Microsoft Raises Its Licensing Fees to Cash in on Bring-Your-Own-Device
November 27, 2012 11:35 AM
comment(s) - last by
BYOD fees for "user CAL" licenses of Sharepoint, Lync, etc. will jump 15 percent
Microsoft Corp. (
) has announced a change that's good news for its investors and bottom line, but likely bad news for business clients.
The change affects Microsoft's so-called client-access license (CAL). If you own a business, you purchase a CAL from Microsoft, which allows your on-site employees to use software such as:
Bing Maps Server
Exchange Server Standard or Enterprise
Lync Server Standard or Enterprise
SharePoint Server Standard or Enterprise
System Center 2012 Client Management Suite
System Center Configuration Manager
System Center Endpoint Protection
Visual Studio TFS
Windows Multipoint Server
Windows Server RDS, RMS, Terminal Services
two flavors of CALs
-- User CALs, which allow a unique user to connect any device they own, and the Device CALs, which associate a per device license fee. Previously Microsoft had set these two licensing options to the same price.
User CALs (left) are the preferred solution for BYOD users, versus Device CALs (right).
That was great news for enterprise users, as one of the hottest trends right now in IT is the bring-your-own-device (BYOD) craze. BYOD means that one user may not only connect from both a work machine (say a work laptop), but also personal machines they own (say their personal tablet and laptop). If a business was to buy a Device CAL license, it'd have to buy three licenses for those devices, but with the User CAL, the employee had the flexibility to use any of those devices, while the employer was on the hook for only a single license fee.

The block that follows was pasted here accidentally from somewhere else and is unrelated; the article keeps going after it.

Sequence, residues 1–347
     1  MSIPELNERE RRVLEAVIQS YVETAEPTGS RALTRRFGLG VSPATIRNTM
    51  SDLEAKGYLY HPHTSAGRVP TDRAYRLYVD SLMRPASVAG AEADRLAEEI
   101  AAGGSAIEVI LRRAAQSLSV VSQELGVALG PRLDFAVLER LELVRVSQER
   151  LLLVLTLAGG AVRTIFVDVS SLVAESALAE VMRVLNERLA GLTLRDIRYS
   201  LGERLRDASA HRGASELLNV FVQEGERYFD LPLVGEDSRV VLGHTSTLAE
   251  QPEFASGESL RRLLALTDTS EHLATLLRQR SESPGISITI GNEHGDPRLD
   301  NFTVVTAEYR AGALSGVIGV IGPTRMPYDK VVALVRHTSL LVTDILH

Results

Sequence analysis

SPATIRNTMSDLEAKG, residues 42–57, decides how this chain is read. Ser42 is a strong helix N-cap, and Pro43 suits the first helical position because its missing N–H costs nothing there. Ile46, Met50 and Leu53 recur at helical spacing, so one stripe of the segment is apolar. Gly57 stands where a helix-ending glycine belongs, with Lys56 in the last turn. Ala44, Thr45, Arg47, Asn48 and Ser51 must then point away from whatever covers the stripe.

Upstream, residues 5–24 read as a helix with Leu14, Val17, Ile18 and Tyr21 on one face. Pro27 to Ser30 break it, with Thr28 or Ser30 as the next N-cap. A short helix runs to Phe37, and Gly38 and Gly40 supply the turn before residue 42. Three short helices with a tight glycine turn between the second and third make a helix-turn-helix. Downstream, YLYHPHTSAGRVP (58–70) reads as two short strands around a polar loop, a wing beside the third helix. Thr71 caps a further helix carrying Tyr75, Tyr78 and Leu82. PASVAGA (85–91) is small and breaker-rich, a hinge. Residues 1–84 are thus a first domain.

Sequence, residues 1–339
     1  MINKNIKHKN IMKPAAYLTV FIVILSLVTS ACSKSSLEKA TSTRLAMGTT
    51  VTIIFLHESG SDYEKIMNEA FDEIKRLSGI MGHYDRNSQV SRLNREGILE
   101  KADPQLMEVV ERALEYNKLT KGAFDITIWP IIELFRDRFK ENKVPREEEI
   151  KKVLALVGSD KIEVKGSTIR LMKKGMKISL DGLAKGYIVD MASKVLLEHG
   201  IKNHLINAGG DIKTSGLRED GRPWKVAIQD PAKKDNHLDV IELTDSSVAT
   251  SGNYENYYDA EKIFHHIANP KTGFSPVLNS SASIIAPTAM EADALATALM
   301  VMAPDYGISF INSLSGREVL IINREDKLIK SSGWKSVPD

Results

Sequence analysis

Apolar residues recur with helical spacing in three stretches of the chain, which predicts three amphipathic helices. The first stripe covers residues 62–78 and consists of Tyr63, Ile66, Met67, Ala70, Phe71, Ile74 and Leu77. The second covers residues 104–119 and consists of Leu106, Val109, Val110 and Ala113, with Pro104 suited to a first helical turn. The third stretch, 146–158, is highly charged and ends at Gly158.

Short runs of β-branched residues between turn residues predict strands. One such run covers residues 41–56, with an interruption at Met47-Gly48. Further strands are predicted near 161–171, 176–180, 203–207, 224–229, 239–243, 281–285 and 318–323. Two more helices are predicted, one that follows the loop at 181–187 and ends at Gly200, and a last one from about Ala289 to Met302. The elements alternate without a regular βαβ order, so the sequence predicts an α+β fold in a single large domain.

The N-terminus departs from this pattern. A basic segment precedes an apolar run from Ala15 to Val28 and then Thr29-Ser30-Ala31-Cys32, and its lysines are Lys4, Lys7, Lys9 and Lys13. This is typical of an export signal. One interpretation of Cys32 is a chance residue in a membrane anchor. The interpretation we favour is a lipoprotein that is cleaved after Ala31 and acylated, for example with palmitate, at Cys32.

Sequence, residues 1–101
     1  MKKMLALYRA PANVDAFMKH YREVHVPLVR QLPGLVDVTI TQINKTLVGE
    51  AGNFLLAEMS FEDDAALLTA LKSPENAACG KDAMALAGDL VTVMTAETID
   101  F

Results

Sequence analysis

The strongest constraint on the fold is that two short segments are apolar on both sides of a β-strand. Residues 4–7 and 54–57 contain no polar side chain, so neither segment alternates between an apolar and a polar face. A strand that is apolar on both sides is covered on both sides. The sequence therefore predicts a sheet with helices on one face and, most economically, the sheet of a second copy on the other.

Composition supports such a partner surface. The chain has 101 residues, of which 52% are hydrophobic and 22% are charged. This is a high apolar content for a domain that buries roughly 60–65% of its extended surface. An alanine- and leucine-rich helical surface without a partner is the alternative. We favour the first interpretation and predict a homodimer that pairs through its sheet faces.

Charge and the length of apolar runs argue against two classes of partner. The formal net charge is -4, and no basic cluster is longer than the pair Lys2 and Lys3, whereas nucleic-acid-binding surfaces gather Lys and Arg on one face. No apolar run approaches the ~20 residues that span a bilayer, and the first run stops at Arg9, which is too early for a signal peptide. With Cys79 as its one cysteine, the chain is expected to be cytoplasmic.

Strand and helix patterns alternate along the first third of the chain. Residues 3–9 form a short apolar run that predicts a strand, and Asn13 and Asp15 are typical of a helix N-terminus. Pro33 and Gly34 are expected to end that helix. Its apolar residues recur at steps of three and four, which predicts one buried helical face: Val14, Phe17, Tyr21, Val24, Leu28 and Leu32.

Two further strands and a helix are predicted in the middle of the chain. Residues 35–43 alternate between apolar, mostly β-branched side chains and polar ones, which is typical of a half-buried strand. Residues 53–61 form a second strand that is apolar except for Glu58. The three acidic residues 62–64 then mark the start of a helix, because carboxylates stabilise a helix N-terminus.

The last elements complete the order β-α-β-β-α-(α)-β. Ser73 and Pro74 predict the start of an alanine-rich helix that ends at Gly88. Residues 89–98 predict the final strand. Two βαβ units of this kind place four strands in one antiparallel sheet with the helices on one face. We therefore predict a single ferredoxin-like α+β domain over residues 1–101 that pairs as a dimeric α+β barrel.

But the deal is about to get a little less sweet, as Microsoft has announced that it will be bumping the price of its various User CALs by 15 percent. The price change will take affect Dec. 1. However, large customers that have Enterprise Agreements, Enterprise Subscription, Open Value Subscription, and Open Value Perpetual will be able to hang on to their current pricing until the end of their contract.
Ultimately this seems like a smart move for Microsoft. After all, a 15 percent premium User CAL is still the cheaper option for enterprise customers, if the average user connects with 2 or more devices. But the move could also backfire, forcing some smaller clients to free, open source alternatives. However, making such a switch can be costly and the end result may be inferior software, in some cases.
For those reasons it seems unlikely that Microsoft will see mass defections, even if it may be offering up an irritating change to its business clients.
This article is over a month old, voting and posting comments is disabled
11/28/2012 11:17:40 AM
What previous Windows tablet did Microsoft make?
11/28/2012 1:57:12 PM
Some ugly tablets were made even back in WinXP days by some OEMs, MS was providing software tho
11/28/2012 3:13:07 PM
In the Windows XP days, they tried this: